Subtitled “playgroups, birthday parties, and learning to run with the herd,” this essay in Brain, Child, has been working its way through me like a koan. The author, a former loner, describes her journey from exclusion, e.g. “a playgroup is the social equivalent of surgery without anesthesia,” to membership in a tribe of women. Overcoming what she describes alternately as a fear of rejection or as contempt, she learns to conform to the standard of birthday parties and give her son a whopping one. It was a great success. Well written and thoughtful, it is a lesson in transformation and friendship.
She even made fun of how apparently ‘fashionable’ it is to complain about an alienated state. So, where do I go from here? If a fellow alien found her way into the herd, what is my excuse? I should suck it up and join. Especially because I can’t stand the thought of doing anything fashionable.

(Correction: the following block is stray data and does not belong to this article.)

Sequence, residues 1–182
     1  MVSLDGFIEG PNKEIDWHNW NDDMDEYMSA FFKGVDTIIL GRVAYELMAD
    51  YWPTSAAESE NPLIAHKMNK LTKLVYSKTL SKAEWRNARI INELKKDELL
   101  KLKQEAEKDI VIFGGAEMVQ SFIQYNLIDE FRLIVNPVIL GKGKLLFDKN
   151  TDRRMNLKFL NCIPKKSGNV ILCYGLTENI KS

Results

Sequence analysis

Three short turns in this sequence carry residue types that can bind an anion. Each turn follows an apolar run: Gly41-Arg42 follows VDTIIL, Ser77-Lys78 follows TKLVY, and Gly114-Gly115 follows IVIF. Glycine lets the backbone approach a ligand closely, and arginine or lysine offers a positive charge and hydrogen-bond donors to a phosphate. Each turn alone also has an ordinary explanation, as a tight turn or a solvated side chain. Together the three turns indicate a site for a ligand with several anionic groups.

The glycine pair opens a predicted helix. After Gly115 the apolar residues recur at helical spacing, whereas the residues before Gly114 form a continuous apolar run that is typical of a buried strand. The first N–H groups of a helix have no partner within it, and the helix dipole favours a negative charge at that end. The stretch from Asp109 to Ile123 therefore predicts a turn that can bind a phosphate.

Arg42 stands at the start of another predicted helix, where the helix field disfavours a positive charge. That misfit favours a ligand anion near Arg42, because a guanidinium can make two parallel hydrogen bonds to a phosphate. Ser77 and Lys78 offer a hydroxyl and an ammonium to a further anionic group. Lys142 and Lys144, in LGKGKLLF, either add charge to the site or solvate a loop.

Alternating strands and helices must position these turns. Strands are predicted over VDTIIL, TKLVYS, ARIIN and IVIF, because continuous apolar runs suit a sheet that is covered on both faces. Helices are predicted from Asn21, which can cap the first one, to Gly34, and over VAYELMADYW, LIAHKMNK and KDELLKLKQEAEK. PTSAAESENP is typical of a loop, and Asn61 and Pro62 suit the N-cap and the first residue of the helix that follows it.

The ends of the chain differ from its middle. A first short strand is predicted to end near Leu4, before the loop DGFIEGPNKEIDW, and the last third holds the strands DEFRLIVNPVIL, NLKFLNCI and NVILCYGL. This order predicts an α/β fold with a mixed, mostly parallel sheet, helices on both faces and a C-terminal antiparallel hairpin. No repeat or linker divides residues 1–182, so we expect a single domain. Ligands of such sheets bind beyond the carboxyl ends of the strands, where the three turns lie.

Do you see where I’m caught? I can’t join and I can’t not join. Not only do lavish parties stress me out, but I also actually believe that it should be ok to do it differently. On the other hand, I most definitely do not want to foster contempt or fear of rejection or actual rejection; I do not want my child to be without a social group; I do not want do not want do not want do not want…
I want to be able to have a quiet and cheerful party. I want to be able to question ‘attachment parenting’ and feel tender toward attached parents. I want to say what feels true to me and still have friends. I want I want I want it all.
I’m going back to my meditation cushion. Ring the bell when the next century arrives.